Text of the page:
Ultimately, the reason Congress passed Reese’s Law was to protect children and other consumers from the harm caused by ingesting button cell or coin batteries.18 Accordingly, legal and regulatory challenges await companies that do not meet these new requirements and continue to manufacture or import noncompliant products.
I manufacture or import a covered product. What do I need to do?
Manufacturers and importers should take immediate action to ensure their products comply with this new rule, including consulting with experienced counsel as appropriate. Additionally, ensuring compliance will require manufacturers and importers of covered products to coordinate with their suppliers. To that end, manufacturers and importers should prioritize these new CPSC requirements when conducting their annual compliance reviews or audits to identify and correct any compliance gaps.
With only months to go, these new requirements should be top-of-mind for all manufacturers and importers of products containing button cell or coin batteries.
1 Safety Standard for Button Cell or Coin Batteries and Consumer Products Containing Such Batteries, 16 C.F.R. § 1263 (2023).
2 Reese’s Law, 15 U.S.C. § 2056e.
3 16 C.F.R. § 1263.3 (2023).
4 Id. § 1263.1 (2023).
5 Reese’s Law § 5; see also 16 C.F.R. § 1263.2 (2023).
6 Reese’s Law §§ 4—5; see also 16 C.F.R. § 1263.1(c) (2023). Reese’s Law § 5 defines a “toy product” as “any object designed, manufactured, or marketed as a plaything for children under 14 years of age.”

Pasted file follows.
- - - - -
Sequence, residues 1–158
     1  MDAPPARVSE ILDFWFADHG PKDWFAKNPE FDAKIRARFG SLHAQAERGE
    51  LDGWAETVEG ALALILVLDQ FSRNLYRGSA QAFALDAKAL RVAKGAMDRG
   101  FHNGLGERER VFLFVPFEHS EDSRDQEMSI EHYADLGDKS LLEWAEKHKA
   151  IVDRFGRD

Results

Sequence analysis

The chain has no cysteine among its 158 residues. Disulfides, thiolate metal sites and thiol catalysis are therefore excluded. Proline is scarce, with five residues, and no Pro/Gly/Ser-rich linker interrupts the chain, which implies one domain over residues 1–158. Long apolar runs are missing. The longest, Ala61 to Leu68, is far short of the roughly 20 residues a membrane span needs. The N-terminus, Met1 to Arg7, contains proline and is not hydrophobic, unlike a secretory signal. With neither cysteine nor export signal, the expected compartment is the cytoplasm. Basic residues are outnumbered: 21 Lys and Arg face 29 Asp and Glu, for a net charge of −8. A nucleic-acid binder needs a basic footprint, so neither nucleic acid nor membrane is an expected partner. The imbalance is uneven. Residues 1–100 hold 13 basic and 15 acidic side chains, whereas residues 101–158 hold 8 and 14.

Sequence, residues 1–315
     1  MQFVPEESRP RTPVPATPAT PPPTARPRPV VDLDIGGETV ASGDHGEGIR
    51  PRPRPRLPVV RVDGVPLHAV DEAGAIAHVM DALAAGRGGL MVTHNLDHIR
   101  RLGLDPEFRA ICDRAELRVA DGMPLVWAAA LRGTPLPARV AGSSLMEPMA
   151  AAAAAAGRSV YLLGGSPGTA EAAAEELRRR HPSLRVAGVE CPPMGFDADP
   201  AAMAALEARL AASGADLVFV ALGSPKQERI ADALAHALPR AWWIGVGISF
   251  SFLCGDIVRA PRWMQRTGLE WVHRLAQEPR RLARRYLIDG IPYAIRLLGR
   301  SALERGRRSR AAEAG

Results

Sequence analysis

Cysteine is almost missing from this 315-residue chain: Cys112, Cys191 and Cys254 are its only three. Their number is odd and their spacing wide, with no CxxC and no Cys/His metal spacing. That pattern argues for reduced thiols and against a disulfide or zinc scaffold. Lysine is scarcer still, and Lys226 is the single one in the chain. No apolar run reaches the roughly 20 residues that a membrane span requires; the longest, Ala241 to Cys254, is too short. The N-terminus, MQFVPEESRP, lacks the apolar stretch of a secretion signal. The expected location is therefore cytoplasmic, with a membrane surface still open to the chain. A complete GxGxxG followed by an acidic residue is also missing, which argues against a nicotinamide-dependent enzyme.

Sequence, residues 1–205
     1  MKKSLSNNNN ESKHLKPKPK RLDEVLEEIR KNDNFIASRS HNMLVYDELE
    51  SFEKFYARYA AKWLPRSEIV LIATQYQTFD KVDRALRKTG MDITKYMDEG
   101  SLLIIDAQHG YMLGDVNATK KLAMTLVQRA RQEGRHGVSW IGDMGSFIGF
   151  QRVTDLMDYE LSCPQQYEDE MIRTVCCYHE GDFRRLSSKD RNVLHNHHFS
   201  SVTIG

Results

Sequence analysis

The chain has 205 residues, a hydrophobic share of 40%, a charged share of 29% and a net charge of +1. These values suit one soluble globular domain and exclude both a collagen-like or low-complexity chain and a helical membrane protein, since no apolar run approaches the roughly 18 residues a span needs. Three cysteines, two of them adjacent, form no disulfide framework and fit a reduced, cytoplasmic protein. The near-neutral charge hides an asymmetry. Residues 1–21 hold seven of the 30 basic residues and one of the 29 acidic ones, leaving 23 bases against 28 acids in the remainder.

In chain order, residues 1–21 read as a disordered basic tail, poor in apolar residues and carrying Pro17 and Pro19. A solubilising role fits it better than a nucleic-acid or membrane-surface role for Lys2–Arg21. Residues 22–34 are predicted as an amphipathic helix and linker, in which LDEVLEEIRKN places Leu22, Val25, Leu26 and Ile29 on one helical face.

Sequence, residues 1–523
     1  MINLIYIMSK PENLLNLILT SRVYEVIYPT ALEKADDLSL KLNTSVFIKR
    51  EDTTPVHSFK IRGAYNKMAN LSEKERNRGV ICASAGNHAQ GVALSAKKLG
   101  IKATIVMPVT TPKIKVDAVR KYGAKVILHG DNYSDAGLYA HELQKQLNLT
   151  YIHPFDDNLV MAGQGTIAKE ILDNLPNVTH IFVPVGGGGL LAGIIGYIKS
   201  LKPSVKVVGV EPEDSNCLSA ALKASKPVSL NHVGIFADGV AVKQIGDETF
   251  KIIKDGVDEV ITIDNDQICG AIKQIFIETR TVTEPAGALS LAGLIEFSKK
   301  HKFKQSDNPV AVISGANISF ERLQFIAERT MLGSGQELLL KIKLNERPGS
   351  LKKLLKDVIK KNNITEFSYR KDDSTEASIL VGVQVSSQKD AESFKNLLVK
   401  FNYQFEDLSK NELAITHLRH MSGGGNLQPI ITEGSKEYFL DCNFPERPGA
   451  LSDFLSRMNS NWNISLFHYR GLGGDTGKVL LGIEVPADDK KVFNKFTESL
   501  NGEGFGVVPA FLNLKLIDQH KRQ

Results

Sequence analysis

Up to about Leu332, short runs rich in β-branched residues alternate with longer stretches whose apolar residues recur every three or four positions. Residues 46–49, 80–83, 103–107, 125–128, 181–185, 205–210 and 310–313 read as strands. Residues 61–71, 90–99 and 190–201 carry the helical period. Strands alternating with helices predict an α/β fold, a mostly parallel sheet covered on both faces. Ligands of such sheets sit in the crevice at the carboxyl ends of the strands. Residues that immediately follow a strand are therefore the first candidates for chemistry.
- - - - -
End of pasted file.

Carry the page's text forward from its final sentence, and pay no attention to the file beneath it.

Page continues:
7 See 16 CFR § 1250 (2023).
8 Safety Standard for Button Cell or Coin Batteries and Consumer Products Containing Such Batteries, 88 Fed. Reg. 65276 (September 21, 2023) (to be codified at 16 C.F.R. pts. 1112, 1263).
9 16 C.F.R. § 1263.3 (2023). Note that Reese’s Law also provides labeling requirements for the packaging of button cell and coin batteries themselves, which the UL 4200A-23 standard does not address. Accordingly, the CPSC adopted a separate rule related to this requirement.
See 16 C.F.R. § 1263.4 (2023).
10 Reese’s Law § 2(a)(2); 16 C.F.R. § 1263.3 (2023).
11 Reese’s Law § 2(b).
12 16 C.F.R. §§ 1263.1(a), 1263.3 (2023).
13 See Safety Standard for Button Cell or Coin Batteries and Consumer Products Containing Such Batteries, 88 Fed. Reg. at 65278 (Table 1a.).
14 See Reese’s Law § 2(c); see also 15 U.S.C. §§ 2058, 2068.
15 15 U.S.C. § 2069.
16 Id. § 2070.
17 Id. § 2072. Note that the matter in controversy must exceed $10,000 to qualify under this private right of action.
18 Reese’s Law, 15 U.S.C. § 2056e; see also 16 C.F.R. § 1263.1 (2023).